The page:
17 August 2017
Follow Up Story: Real Kitchen

(Real Kitchen – Nick Schmuck – Season 1 Episode 8)


1. How did you end up being cast on Start Up?  Did you submit or were you contacted?

 I was contacted by Jenny – she has a friend who is a long time loyal client and had been coming to the shop when she visited.

2. How did you feel after watching the episode, and is there anything you would've said or done differently? 

It admittedly has been quite a while since I watched it, but I felt like it accurately portrayed what Real Kitchen is and our story of how we got to where we were then.  A lot has happened since then, and I feel I have even more story about the entrepreneurial side of the business now.


3. What response did you receive from being on the show? 

We definitely got a little bump, but it was still early times for the show, so I doubt the viewership was as large as it is now.  The business wasn’t sustained for very long.  Got a decent amount of contact from people in other cities asking if we shipped, etc.

4. Have there been any major hardships or great accomplishments with you or your business since appearing on the show? 

Are there ever not hardships in business?  Hah.  We tried to expand to a second store which did not take, so we are back to the original one.  The whole process of raising capital, and struggling to rebound financially while attempting to take care of investors.  Thankfully we have developed a catering program that has grown into the revenue stream we were hoping the expansion would provide.


5. What was your favorite part of being on the show? 

The business side of my job is very fascinating to me, and I like hearing about others experiences who are in similar shoes.  It was fun to share and to hear about others. 

6. What is the most valuable lesson you've learned in business?

That’s a tough question.  On the broadest, general level, probably to be honest, generous, and patient, both with your employees and customers.  If you make a quality product and put everyone else’s interests above yours, good things will eventually come.  Or at least so I tell myself.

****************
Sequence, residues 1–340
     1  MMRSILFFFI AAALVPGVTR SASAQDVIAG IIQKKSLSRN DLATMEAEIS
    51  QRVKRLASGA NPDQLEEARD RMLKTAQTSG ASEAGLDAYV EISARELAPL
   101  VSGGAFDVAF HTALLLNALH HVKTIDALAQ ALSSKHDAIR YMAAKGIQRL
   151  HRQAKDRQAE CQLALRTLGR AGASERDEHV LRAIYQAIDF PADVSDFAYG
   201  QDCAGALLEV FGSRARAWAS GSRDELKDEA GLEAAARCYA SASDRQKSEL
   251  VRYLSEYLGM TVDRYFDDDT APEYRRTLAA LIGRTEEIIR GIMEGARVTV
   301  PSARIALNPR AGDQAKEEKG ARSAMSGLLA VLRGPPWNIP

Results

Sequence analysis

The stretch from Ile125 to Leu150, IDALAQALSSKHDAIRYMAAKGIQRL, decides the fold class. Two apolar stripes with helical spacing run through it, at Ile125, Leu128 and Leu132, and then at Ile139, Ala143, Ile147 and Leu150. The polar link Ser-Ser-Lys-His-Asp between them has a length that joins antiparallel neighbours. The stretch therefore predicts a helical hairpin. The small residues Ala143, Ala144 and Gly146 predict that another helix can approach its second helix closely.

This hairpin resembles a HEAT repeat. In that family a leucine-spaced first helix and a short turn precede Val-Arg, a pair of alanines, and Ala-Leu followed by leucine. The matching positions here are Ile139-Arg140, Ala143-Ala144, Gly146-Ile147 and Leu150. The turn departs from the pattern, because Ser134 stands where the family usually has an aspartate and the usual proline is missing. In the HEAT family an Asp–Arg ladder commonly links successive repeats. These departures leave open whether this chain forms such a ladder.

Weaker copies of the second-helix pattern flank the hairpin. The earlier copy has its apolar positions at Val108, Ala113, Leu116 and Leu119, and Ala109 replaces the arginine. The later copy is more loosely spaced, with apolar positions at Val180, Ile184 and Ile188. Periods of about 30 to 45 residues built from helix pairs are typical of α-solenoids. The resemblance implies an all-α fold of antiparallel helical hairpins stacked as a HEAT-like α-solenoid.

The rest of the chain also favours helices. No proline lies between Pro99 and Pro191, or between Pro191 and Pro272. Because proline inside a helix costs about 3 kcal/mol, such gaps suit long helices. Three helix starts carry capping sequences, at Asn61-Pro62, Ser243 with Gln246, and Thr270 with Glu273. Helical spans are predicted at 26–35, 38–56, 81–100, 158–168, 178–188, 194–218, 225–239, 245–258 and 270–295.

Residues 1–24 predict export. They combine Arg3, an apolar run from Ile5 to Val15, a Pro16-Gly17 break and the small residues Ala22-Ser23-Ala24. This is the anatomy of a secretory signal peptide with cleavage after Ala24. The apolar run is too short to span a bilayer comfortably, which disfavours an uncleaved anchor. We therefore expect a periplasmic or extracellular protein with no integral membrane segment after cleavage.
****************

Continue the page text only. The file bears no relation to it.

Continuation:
7. What advice do you have for other "would-be" small business owners?

To make sure your relationships are sound, that you’re comfortable with sacrificing everything else in your life, and to put aside any notions of success or glory.  Where you will end up, and the path you will take to get there, will likely vary wildly from what you’re dreaming of before you start.  Your mental state will be much healthier if you can let the business take you for a ride, not try to force it into what you think it should be. 

8. If you could move your business and live anywhere in the world, where would it be and why?

Probably Hawaii, so I could work 11-1p every day, just make sandwiches, and then be a beach bum.  But honestly, a big city like Chicago is perfect for us.  Only shortcoming here is that produce is tough in the dead of winter.  Also, without the change in seasons, I think I would feel like I was missing something, so I don’t know if I would move. 

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